Leonardo da Vinci (1452-1519)
Schätzpreis: 0 $
Zuschlagspreis: 450.312.500 $
The dramatic public unveiling of Christ as Salvator Mundi (“Savior of the World”) in the exhibition Leonardo da Vinci: Painter at the Court of Milan at The National Gallery, London, in 2011, caused a worldwide media sensation. Painted by one of history’s greatest and most renowned artists, as well as one whose works are among the rarest—fewer than twenty paintings in existence are generally accepted as from the artist’s own hand—it was the first discovery of a painting by Leonardo da Vinci since 1909, when the Benois Madonna, now in the Hermitage, St. Petersburg, came to light. In fact, its inclusion in the exhibition came after more than six years of painstaking research and inquiry to document the painting’s authenticity, begun shortly after it was discovered—heavily veiled with overpaints, long mistaken for a copy—in a small, regional auction in the United States.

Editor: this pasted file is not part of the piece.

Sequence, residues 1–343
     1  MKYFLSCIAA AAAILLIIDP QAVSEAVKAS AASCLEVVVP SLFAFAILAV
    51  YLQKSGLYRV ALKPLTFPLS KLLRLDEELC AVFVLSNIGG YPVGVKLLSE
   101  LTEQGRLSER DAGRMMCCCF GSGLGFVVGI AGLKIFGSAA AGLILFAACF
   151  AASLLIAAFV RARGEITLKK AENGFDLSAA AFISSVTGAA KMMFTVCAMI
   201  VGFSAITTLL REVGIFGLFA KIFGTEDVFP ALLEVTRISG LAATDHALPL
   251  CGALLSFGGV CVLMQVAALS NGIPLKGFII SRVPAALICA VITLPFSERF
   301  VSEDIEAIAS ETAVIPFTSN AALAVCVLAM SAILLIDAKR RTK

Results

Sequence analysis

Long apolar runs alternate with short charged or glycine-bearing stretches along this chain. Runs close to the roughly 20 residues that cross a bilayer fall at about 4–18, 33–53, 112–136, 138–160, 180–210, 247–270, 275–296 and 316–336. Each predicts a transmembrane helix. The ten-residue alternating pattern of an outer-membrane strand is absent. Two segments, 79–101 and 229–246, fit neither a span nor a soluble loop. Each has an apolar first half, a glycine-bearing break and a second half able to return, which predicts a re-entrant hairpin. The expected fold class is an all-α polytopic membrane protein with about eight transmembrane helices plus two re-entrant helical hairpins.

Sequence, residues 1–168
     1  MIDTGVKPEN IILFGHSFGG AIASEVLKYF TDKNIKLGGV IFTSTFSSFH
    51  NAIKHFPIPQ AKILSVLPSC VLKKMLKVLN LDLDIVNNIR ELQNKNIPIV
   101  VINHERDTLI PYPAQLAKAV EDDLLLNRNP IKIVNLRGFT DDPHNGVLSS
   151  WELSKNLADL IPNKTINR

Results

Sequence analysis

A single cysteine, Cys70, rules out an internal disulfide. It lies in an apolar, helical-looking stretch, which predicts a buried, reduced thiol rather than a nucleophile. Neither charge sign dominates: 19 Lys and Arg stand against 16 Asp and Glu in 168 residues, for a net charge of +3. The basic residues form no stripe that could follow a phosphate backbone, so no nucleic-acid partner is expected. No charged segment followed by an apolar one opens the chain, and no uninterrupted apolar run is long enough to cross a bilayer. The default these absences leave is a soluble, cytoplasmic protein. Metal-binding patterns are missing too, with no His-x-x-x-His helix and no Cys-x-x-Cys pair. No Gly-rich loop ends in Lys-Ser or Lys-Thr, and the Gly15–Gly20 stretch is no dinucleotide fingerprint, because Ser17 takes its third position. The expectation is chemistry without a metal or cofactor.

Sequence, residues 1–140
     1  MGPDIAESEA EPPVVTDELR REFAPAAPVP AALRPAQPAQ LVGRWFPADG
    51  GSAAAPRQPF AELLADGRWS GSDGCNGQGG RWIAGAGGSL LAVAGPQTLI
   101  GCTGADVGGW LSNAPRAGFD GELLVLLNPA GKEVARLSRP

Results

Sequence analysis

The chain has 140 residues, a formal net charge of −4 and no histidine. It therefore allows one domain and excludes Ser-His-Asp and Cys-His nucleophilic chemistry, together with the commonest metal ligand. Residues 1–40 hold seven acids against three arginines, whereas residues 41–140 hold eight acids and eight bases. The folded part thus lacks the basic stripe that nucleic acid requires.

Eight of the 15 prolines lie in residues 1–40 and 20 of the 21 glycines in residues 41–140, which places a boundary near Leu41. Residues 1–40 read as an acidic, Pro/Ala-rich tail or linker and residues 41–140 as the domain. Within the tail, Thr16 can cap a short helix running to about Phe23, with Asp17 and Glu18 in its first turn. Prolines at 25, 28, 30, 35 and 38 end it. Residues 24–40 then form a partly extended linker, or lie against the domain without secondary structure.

The painting’s new owners moved forward with admirable care and deliberation in cleaning and restoring the painting, researching and thoroughly documenting it, and cautiously vetting its authenticity with the world’s leading authorities on the works and career of the Milanese master. As fascinating as any of the many best-selling thrillers that have taken Leonardo for their subject, the rehabilitation of the Salvator Mundi is the story of the greatest and most unexpected artistic rediscovery of the 21st century.
Zu unserem Blogbeitrag "Salvator Mundi".